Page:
Mesa puts all on the table

On this night, the No. 1 Mavericks just too good on both O and D

Kelsey Sigl saved the ball from going out of bounds, and she saved the Mavericks’ season with 18 points on Kaile Magazzeni and Fort Lewis College in the single-elimination NCAA Tournament. Colorado Mesa, the No. 1 seed in the South Central Regional, defeated No. 8 FLC 74-48 on Friday night in Grand Junction. Enlarge photo

Chris Magninie/The Daily Sentinel

Kelsey Sigl saved the ball from going out of bounds, and she saved the Mavericks’ season with 18 points on Kaile Magazzeni and Fort Lewis College in the single-elimination NCAA Tournament. Colorado Mesa, the No. 1 seed in the South Central Regional, defeated No. 8 FLC 74-48 on Friday night in Grand Junction.

It was hard to decide which was better Friday night for the Colorado Mesa University women’s basketball team.

The offense? Or the defense?

On the offensive end, the Mavericks shot 51 percent from the field in their 74-48 victory over Fort Lewis College in the quarterfinals of the NCAA Division II South Central Regional at Brownson Arena in Grand Junction.

“They were really good on both ends,” FLC head coach Jason Flores said. “They have that capabilty. They’re not where they’re at right now without being able to do that. ... They had great movement on offense, they hit shots, they got us scrambling a little bit, and when they start scoring in all phases – in the post, outside, driving – they become tough to defend.”

On the defensive end, though, Colorado Mesa held the Skyhawks to 29.6 percent shooting, and staunchly refused to let point guard Katerina Garcia do what she’s done so well throughout her career: get her teammates involved.

“Clearly she’s a huge part of their offense, and I just knew going in if I could make her as least productive as possible, that was going to be in our favor,” said Sharaya Selsor, who drew the defensive assignment on Garcia, the Durango High School alumna. “My teammates definitely helped; it was team defense to stop her.”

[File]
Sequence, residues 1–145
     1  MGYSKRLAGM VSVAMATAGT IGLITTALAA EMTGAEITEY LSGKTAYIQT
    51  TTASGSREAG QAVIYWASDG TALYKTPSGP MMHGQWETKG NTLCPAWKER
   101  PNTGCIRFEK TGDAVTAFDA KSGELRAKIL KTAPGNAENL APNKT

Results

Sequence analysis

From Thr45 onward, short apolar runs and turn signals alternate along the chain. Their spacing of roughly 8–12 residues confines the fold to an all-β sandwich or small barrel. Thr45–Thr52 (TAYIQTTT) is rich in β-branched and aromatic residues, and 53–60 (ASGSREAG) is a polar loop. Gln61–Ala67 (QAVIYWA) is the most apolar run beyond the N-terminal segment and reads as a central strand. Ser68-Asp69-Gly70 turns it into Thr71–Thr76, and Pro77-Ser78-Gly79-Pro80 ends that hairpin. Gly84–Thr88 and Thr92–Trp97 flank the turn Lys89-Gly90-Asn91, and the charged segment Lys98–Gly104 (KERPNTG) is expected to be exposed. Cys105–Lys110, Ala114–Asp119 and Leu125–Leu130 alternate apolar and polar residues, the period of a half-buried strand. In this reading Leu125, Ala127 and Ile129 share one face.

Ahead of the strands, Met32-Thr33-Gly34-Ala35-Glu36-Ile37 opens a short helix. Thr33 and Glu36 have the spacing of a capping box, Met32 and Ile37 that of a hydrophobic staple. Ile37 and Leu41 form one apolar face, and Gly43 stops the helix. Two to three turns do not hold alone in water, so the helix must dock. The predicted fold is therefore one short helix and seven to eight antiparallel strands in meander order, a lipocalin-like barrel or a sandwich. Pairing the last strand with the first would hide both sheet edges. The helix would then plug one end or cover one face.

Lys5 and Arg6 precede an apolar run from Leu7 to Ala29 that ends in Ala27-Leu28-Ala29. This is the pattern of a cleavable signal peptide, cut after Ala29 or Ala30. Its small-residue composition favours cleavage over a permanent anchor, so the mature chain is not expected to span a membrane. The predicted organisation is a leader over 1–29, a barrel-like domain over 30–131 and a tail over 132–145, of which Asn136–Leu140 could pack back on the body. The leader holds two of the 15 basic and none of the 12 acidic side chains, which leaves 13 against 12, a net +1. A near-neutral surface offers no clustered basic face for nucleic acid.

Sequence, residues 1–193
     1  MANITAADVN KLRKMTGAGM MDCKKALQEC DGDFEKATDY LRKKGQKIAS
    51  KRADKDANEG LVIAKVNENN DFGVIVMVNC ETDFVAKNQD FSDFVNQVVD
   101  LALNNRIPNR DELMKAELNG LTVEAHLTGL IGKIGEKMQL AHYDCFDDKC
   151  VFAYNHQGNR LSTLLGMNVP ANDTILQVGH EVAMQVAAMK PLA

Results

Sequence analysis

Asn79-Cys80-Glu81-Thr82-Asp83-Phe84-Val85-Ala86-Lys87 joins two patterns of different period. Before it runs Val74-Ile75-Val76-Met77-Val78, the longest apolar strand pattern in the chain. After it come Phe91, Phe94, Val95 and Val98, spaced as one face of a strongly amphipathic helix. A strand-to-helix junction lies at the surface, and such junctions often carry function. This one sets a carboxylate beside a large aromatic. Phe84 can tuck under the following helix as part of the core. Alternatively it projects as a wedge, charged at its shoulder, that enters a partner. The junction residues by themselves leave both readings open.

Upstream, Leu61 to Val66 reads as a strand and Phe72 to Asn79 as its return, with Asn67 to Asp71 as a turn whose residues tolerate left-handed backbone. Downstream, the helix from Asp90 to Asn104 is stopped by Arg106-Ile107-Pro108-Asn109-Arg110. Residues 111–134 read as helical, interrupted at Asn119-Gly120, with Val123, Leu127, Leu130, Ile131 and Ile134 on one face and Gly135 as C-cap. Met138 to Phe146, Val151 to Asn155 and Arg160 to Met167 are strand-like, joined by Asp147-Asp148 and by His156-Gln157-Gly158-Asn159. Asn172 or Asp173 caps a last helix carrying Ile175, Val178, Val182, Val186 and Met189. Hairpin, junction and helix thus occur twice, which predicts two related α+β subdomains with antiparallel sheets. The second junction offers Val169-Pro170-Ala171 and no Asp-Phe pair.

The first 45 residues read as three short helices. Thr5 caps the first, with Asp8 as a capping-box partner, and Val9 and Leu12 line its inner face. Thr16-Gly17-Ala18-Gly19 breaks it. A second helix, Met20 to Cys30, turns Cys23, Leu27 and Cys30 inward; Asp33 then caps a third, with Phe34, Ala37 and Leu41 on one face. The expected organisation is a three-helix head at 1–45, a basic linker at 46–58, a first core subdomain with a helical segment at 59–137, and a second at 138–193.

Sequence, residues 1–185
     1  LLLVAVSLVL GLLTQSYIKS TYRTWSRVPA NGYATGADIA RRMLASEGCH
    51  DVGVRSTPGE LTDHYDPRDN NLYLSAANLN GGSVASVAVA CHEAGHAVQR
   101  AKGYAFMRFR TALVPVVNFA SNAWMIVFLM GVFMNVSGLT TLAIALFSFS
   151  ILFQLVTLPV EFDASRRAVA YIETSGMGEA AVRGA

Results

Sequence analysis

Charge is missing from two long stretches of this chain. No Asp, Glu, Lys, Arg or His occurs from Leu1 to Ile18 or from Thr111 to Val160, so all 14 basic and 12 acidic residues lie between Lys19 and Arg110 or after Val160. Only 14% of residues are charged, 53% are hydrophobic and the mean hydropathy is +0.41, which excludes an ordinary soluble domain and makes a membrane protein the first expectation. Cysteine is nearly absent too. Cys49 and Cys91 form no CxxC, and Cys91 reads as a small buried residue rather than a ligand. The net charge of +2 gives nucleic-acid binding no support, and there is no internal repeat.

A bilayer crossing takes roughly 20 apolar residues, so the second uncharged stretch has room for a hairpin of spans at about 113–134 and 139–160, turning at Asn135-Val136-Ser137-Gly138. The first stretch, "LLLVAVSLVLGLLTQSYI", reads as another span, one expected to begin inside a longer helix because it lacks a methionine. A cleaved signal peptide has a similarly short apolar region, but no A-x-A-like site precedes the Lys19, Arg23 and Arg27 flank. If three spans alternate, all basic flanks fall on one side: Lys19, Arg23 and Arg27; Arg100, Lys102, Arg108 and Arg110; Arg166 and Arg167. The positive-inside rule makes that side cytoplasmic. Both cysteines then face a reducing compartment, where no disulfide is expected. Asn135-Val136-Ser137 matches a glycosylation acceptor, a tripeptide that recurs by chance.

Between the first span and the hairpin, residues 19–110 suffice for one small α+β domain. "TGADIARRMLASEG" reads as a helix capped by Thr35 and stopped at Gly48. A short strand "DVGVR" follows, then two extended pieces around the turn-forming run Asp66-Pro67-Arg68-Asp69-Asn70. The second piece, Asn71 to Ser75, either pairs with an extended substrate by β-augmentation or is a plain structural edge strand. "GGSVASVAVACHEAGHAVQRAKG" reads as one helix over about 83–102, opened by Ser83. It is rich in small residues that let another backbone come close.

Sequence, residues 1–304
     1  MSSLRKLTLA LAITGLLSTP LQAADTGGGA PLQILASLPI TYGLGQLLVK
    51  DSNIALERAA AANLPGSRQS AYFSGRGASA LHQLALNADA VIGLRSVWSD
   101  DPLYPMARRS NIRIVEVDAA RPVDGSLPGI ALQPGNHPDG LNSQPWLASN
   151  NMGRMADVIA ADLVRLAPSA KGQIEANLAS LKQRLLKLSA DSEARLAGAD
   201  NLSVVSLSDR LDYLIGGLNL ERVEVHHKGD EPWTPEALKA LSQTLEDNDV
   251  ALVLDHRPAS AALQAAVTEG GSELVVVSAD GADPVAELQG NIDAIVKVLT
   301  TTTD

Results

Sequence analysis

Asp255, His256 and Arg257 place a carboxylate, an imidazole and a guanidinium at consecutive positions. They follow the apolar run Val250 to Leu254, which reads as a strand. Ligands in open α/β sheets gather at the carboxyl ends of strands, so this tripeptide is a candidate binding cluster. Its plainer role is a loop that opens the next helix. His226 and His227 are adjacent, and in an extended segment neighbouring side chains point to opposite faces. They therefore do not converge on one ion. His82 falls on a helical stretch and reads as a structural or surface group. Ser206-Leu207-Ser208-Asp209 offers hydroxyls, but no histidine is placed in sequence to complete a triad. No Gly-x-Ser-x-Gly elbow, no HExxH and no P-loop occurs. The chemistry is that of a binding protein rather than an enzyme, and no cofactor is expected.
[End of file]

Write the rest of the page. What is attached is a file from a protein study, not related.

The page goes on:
Garcia went 0-for-10 in her final college game, finishing with five points, three assists, two steals and five turnovers.

“I think their defense stepped up, and they shut us down,” Garcia said. “They took our game and made it their game. Props to them. The way we played, we didn’t deserve to win, and they did. It happens. We went on what, about a three-minute run, and that was about it. After that, we were not our normal team. It’s not the way anybody wants to go out, but it happens.”

The top-seeded Mavericks, ranked No. 4 in the nation, will play Texas-Permian Basin at 7:30 p.m. today in the regional semifinals after picking up the first NCAA playoff win in school history. Colorado Mesa lost its only previous playoff game in 2002.

It was 16-3 before all but the students in the crowd of 1,715 had sat down, and the Skyhawks never got going. There was a short run when Mary Brinton scored five quick points, and FLC was within six, 20-14, after Erika Richards hit a layup off a steal by Christie Groh, but that was it.

The Mavericks closed on a 16-8 run and led 36-22 at halftime.

“They got up (tight on defense) on us and double-teamed immediately, and our girls were able to knock shots down,” Kelsey Sigl said. “When that happens, it’s kind of pick your poison type of deal.”